The Essex Way is a long-distance walk that winds through ancient woodland, gentle farmland, wildlife-rich marshland, and along meandering rivers to finish on the coast.
Starting from the market town of Epping, the Way cuts right through the heart of Essex, from southwest to northeast, to finish in the port town of Harwich, where the River Stour meets the North Sea. The official route is 82 miles (132 km) long. However, with a few short detours to some worthy sites, this Collection is 87.2 miles (140.3 km) in total.
If you think the Essex Way sounds akin to a certain well-known reality TV programme, think again. The Way crosses this pretty, peaceful, and three-quarters rural county on picturesque footpaths and green lanes for the most part, taking you through spellbinding scenery and many charming villages.
Wildlife is abundant on the route. Many species of bird thrive in the marshland along the Stour estuary and rare plants can be observed in the ancient pockets of woodland. Historical sites are plentiful too. With castle ruins, many beautiful Tudor buildings, Roman-style lighthouses, and countless Grade I-listed churches, all many hundreds of years old, this hike is brimming with culture and tradition.
This trail also takes you through the profoundly-picturesque Dedham Vale, fondly known as ‘Constable Country’. Hailed as one of England’s most beautiful lowland landscapes, John Constable immortalised the latter scenery along the Essex Way in his iconic 18th and 19th century Romantic paintings.
Highlights along the Way include: St Andrew's, said to be the oldest wooden church in the world; Coggeshall Grange Barn, one of the oldest timber-framed buildings in Europe; Paycockes House, a beautiful Tudor merchant house; Coggeshall village, which boasts nearly 200 listed buildings; the view of Constable’s ‘the Hay Wain’, where you can actually step into the scene of his most famous painting; Manningtree, which claims to be England's smallest town; and Dovercourt Lighthouses, built in the 17th century as an example of Roman lighthouses.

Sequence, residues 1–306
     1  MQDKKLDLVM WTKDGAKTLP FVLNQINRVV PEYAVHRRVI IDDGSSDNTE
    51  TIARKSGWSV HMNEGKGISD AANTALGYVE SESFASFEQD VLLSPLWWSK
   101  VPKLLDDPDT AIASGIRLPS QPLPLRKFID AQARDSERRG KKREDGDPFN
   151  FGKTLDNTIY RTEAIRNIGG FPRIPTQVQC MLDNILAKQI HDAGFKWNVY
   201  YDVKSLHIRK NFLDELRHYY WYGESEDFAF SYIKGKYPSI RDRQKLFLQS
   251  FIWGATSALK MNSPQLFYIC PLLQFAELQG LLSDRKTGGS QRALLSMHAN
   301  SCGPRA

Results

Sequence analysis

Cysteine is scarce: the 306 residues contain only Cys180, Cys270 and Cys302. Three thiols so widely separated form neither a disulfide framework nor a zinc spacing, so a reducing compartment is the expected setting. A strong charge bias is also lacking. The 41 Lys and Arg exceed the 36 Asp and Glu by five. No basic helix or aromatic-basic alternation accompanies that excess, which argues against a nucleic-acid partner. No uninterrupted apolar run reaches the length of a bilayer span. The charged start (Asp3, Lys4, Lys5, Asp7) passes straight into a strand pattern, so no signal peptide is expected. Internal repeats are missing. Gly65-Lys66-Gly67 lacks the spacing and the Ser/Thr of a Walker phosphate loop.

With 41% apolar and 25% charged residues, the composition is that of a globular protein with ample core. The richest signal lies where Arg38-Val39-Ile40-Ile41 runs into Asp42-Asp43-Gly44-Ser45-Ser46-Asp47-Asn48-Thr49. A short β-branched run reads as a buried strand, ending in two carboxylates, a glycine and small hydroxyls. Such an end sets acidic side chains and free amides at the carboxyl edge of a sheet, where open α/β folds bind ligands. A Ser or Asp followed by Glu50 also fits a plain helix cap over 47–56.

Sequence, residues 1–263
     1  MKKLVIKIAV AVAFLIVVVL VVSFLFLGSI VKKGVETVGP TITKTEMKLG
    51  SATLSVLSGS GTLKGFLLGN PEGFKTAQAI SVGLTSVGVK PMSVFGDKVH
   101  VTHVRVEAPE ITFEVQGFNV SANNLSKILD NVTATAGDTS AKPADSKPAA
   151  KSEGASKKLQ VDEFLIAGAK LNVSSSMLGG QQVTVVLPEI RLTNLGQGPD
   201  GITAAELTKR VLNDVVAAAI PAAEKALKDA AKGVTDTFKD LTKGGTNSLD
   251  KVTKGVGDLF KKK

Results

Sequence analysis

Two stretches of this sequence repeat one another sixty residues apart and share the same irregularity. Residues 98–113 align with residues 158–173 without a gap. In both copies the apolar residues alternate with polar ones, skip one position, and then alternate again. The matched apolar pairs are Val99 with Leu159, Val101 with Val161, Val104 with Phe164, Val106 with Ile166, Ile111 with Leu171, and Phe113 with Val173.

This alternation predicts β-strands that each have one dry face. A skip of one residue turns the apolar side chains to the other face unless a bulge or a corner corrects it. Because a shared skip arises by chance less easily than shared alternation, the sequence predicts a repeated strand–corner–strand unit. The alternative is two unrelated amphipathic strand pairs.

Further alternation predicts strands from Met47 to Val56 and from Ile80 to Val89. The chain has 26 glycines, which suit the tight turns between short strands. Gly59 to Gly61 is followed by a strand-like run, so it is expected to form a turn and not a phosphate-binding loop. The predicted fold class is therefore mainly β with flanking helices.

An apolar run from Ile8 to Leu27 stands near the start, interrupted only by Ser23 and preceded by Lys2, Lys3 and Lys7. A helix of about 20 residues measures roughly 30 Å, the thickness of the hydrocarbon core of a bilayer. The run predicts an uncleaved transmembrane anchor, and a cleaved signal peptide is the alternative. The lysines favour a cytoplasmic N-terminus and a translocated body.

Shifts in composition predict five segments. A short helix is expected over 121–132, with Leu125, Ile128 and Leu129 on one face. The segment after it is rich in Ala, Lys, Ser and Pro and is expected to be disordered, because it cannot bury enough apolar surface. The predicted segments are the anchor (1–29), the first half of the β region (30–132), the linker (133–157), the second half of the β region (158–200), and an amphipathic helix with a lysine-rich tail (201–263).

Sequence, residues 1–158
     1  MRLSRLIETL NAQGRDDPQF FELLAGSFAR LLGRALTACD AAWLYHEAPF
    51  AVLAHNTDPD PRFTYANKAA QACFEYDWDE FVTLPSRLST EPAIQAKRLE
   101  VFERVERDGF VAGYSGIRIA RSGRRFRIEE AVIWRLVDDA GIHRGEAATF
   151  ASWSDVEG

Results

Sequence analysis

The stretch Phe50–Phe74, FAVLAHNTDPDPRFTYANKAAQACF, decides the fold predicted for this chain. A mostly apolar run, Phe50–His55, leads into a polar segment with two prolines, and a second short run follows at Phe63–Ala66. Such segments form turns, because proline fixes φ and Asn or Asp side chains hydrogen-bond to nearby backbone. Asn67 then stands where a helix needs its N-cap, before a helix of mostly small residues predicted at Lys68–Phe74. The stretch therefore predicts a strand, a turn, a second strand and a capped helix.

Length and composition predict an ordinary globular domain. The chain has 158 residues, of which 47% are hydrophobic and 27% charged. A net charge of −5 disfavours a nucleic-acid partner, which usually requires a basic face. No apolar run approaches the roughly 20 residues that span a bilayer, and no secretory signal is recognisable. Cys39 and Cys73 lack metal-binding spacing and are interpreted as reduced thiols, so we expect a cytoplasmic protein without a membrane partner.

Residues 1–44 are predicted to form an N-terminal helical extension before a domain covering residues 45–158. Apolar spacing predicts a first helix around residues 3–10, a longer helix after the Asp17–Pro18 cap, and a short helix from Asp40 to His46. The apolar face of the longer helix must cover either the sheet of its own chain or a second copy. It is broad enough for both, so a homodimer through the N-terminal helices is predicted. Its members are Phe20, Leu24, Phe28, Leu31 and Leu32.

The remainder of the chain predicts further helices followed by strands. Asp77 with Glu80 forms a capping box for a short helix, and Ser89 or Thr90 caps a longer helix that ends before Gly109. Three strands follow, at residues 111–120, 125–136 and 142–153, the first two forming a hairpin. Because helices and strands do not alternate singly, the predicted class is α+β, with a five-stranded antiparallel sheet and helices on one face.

In this Collection, I split the route into seven stages, each averaging 12.5 miles (20.1 km). No stage is longer than 15 miles (24.1 km), though, and the walking is level and leisurely throughout. Of course, you can divide each stage into as many days as you are comfortable with. You can also walk any single stage, or a couple of stages. The route can be walked in either direction.
As the landscape is quite rural, accommodation can sometimes be patchy. However, there is advice on every stage where places to stay are limited . Public transport links are generally good, making it easy to tailor the route. As such, this is a good choice for seasoned walkers and those finding their long-distance feet.
Getting to the start and finish of the hike is really easy. The Way starts just outside Epping Underground Station, which has direct links into central London. Harwich Town train station is a two-minute walk from the end of the trail and has connecting services around the UK, typically via Manningtree.
The first stage visits the oldest wooden church in the world and explores an ancient woodland with rare marsh plants. With 11.1 miles (17.9 km) of distance, 400 feet (122 …
Stage 2 explores the remains of a 12th-century castle and makes a whistlestop at a Grade II-listed pub that was once owned by the ‘Firestarter’ and legendary Essex resident, the late Keith Flint, from the band Prodigy.Dialling-up the intensity a notch, this stage is 12.8 miles (20.6 km) long with 325 feet (99 m) of uphill and 400 feet (122 m) of downhill.
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Expect peaceful countryside interspersed with sleepy villages and traditional country pubs that afford a real flavour of rural Essex on this hike. Leisurely from start to finish, this stage is …
History is abundant on this route, which visits one of Europe’s oldest timber-framed buildings, a stunning Tudor merchant house, the remains of an old abbey, and many historic churches.With …
This stage explores Grade I-listed churches in spellbinding scenery and takes you to one of England's most beautiful lowland landscapes.Pushing-up the intensity slightly from the previous stage, this hike …
You are, quite literally, transported into a Constable painting on this stage, which takes you to the 'smallest town in England'.To make the overall itinerary work, this stage is a short-and-sweet 7.5 miles (12.1 km) long with 300 feet (91 m) of uphill and 325 feet (99 m) of downhill. If you fancy heading a little further, though, read on for a worthy extension.
The final stage takes you along the Stour Estuary and the Essex coastline, where you experience glorious salt marshes, serene woodlands, farmland, and sleepy villages all the way to Harwich. …